Five Most Common Investing Mistakes

As part of the financial industry for the past twenty-plus years I have seen a lot of things.  Drawing on that experience, I thought it would be helpful to share with you a list of five of the most common investing mistakes I see investors make time and time again.  It does not appear to matter whether or not the investor is wealthy, young or old, highly educated or less so.  These mistakes seem to be universal and unflagging over time.  My hope is, that by laying them out for you here, simply and without embellishment, you may have a better chance to buck the trend and avoid making them yourselves.

1. Investing Without a Goal in Mind

You would never get on the freeway and drive without a destination in mind, right?  Or start building your dream home without blueprints?  So, why would you ever try to build your financial future without both blueprints and a destination in mind?  Unfortunately, this is exactly what most people do. Investors often spend more time planning for their one-week summer vacation, than they do for their 30-plus-year retirement.  This is a huge mistake!  By starting with the end, or goals, in mind, and writing down your plan of action to get there (i.e. a financial plan), you force yourself to be systematic, methodical and unemotional in pulling off your investment strategy.  This, in- turn, gives you the best chance of reaching those specific goals.  And because you may have multiple goals, it is fine to have multiple strategies if need be.  The key, though, is that no matter how many goals and strategies you have, always start with the end in mind, and never change your plans or strategies along the way based on emotions or gut feelings.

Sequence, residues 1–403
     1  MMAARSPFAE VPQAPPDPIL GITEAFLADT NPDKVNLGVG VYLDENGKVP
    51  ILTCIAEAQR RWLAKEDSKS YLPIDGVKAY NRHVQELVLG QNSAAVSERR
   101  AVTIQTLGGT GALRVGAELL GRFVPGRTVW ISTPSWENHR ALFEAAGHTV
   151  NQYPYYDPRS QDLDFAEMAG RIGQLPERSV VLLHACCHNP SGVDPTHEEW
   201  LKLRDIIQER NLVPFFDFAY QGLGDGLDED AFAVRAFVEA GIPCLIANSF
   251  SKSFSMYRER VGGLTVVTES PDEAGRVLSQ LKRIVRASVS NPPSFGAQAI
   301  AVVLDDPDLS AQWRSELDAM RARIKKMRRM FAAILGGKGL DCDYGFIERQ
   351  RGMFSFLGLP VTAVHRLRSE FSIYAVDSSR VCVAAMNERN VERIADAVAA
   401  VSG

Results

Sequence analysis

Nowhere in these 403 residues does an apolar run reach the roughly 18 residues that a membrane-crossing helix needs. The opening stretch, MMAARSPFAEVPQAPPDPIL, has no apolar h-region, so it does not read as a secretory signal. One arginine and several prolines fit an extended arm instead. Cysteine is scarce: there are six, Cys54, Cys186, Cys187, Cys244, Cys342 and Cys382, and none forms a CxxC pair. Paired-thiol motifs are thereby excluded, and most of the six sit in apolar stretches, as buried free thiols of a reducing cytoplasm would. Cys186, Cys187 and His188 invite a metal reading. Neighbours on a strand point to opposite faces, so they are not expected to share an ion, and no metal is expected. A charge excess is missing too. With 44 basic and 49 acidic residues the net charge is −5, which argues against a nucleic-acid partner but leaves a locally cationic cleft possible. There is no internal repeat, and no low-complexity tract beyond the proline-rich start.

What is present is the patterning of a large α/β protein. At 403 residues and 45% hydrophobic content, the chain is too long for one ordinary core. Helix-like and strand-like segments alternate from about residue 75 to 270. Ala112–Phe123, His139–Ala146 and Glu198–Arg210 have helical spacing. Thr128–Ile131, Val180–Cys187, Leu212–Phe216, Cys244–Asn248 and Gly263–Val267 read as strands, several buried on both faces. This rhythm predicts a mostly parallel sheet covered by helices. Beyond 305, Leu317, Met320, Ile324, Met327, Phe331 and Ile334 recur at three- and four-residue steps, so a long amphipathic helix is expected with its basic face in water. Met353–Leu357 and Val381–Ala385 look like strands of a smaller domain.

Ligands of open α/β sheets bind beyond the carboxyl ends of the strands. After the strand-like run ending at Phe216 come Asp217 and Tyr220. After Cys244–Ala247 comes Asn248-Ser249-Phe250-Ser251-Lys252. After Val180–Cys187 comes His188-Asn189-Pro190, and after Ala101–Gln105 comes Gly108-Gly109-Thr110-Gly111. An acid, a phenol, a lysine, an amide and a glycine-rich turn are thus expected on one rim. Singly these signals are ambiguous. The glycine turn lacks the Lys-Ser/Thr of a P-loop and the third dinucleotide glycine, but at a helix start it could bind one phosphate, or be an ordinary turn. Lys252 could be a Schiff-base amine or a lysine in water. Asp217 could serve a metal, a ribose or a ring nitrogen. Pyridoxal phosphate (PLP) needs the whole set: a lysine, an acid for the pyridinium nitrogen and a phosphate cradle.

2. Not Understanding What Risk Really Is

Most people think volatility is risk, and use the two terms interchangeably.  But volatility is not risk. Volatility is the movement of your securities and/or portfolio, both up and down.  Volatility is actually the way investors make money in the stock-market over the long run.  Volatility is like wind to a sailor: it will not always blow in the direction you want, but you can’t get anywhere without it.  On the other hand, risk, for most people, is the chance of not being able to meet your financial goals, such as retirement, funding a college education, or passing on a substantial inheritance to the next generation.

I often meet people who say, “I am getting older so I’d better invest more conservatively.”  Or, “I don’t have much money, so I’d better invest conservatively, or maybe not at all.”  They believe they are too old, or not wealthy enough to take on much risk.  And, if it turns out that these investors have done proper planning and determined that they do not need growth to meet their goals, then I fully agree.   However, if those same people have goals that they cannot reach without growth, or if the erosion of their purchasing power by the forces of inflation over time, poses a substantial threat to their future, then getting more conservative with their portfolio assets, or getting out of the markets altogether, may be the most dangerous move of all. 

Of course, we would all like to see less downside volatility from our portfolios if possible. But, it is precisely the volatile swings in the markets, that dislocate asset prices and allow for long-term growth to be achieved at all. And if you need growth, regardless of your age or your asset base, you likely need to be invested. 

3. Focusing on Security Selection Instead of Diversification